5 November 2013
ECR Vice-President Geoffrey Van Orden MEP today gave his verdict on the outcomes of the EU Summit held on the 24th and 25th October.
ECR Vice-President Geoffrey Van Orden MEP today gave his verdict on the outcomes of the EU Summit held on the 24th and 25th October. He was speaking at an open Conference of Presidents (which comprises the parliament’s group leaders), in the presence of European Council President Van Rompuy and European Commission Vice-President Sefcovic.
Mr Van Orden said:
“Presidents, my group welcomes the progress made by Council on deregulation, promoting trade, readiness to bring Eastern Partners closer, and completing the single market in digital services.
“Separately, President Barroso now says that the EU should meddle less in matters which are properly the business of our national governments. I hope the commission as a whole at last gets the message. To date, I fear it has not. For the Berlaymont, it’s business as usual. Let’s take just one example – the Port Services Directive – it was rejected by this house in 2003 and 2007 – but there’s no let up. It’s back. Why has it been resurrected yet again? Perhaps Commissioner Kallas might be persuaded to think again.
“Of course, the best way of cutting back unhelpful regulation would be to reduce the number of European directorates and bureaucrats – fewer officials and fewer pet projects means less red tape, more competitiveness and a reduced EU budget – a triple benefit.
“Turning to trade, we welcome the progress made withCanadatowards a trade agreement – but we must not rest on our laurels. We are concerned by the lack of progress on a deal withIndia- why was this not discussed in Council? – the window of action will be closed by elections next year both here and there. And there’s little time to deliver the US deal, even without irrelevant distractions. We mustn’t let these opportunities slip away.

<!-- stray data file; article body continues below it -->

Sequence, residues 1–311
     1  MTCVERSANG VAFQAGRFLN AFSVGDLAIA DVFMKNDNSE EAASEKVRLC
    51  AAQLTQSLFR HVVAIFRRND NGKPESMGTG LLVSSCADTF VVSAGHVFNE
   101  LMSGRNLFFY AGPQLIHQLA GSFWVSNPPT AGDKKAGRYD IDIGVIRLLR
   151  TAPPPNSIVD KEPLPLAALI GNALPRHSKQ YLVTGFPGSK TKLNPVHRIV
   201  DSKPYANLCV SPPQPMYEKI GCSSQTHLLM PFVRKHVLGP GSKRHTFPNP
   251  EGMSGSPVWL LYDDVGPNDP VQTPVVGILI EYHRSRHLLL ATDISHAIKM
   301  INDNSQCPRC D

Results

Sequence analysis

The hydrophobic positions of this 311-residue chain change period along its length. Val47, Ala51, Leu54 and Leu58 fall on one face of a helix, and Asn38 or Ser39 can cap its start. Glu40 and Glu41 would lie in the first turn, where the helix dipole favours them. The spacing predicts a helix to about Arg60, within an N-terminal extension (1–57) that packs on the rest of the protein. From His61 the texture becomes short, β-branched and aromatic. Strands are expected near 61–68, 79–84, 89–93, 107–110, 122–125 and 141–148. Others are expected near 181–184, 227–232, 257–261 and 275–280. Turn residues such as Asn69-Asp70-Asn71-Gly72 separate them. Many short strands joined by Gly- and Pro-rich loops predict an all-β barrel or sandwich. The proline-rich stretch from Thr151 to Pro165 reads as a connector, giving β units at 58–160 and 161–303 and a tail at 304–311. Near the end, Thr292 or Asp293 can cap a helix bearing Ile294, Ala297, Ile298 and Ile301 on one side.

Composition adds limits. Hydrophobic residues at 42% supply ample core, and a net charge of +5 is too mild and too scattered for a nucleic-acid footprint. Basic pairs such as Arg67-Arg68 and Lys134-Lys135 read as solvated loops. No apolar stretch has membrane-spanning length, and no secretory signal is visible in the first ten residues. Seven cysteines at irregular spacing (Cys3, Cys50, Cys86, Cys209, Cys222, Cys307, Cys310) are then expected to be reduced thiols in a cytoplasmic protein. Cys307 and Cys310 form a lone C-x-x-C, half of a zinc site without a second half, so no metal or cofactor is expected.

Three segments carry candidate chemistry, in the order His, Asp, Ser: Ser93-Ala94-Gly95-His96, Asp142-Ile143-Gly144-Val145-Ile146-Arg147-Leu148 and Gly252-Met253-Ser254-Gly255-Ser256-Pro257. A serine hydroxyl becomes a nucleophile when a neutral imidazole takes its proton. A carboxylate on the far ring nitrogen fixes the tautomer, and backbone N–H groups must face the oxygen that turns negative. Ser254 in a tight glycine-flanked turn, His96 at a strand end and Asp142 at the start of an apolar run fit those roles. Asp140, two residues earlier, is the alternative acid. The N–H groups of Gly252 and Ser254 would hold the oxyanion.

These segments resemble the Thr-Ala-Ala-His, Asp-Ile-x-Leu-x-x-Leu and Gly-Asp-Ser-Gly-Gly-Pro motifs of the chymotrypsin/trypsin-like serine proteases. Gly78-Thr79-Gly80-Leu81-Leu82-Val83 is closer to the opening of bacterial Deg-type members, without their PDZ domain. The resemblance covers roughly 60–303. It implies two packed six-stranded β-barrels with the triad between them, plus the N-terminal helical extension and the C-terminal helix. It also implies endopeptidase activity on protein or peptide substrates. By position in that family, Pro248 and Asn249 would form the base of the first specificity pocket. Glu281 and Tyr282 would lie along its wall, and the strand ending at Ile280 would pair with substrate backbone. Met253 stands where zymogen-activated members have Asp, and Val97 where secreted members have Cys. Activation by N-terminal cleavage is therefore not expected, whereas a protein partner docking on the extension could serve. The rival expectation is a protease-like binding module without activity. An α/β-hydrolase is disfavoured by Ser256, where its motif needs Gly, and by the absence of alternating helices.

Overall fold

“On migration, the summit conclusions on Lampedusa emphasised the role of Frontex. This debate has so far talked about the problems of front-line states but it has failed to understand that over two thirds of asylum applications are made in just five Northern European states, including my own.
“It is not a question of creating new forms of legal migration or merely sharing out the resultant problems, but prevention and tackling the challenge at source, with support for border security in North African states, and workable returns agreements with immediate application.
“We need practical solutions here that meet the concerns of our citizens to put an end to mass uncontrolled immigration. Instead of the EU soft line which merely creates more problems.
“A word now on the current intelligence spat, and I wonder about the real basis for the mock outrage expressed by the Commission and others about the alleged activities of the NSA.
“Have you read the recent comments of Vice President Reding? She apparently thinks, “What we need is the strengthening of Europe in the intelligence area, in order to ensure that we negotiate with equal terms with the US. NSA needs a European counterweight – a European Intelligence Agency.”
“Whatever next, Mr President?
“So there wasn’t really any great principle at stake, only resentment by the European mandarins that the US had capabilities which Brussels didn’t!
“Apart from the sheer hypocrisy it shows how out of touch the European Commission has become. It does not seem to understand that the age of accumulating more and more EU powers, extending Commission competences, is over. The demand now is the reverse. The EU must do much less and do it better.”
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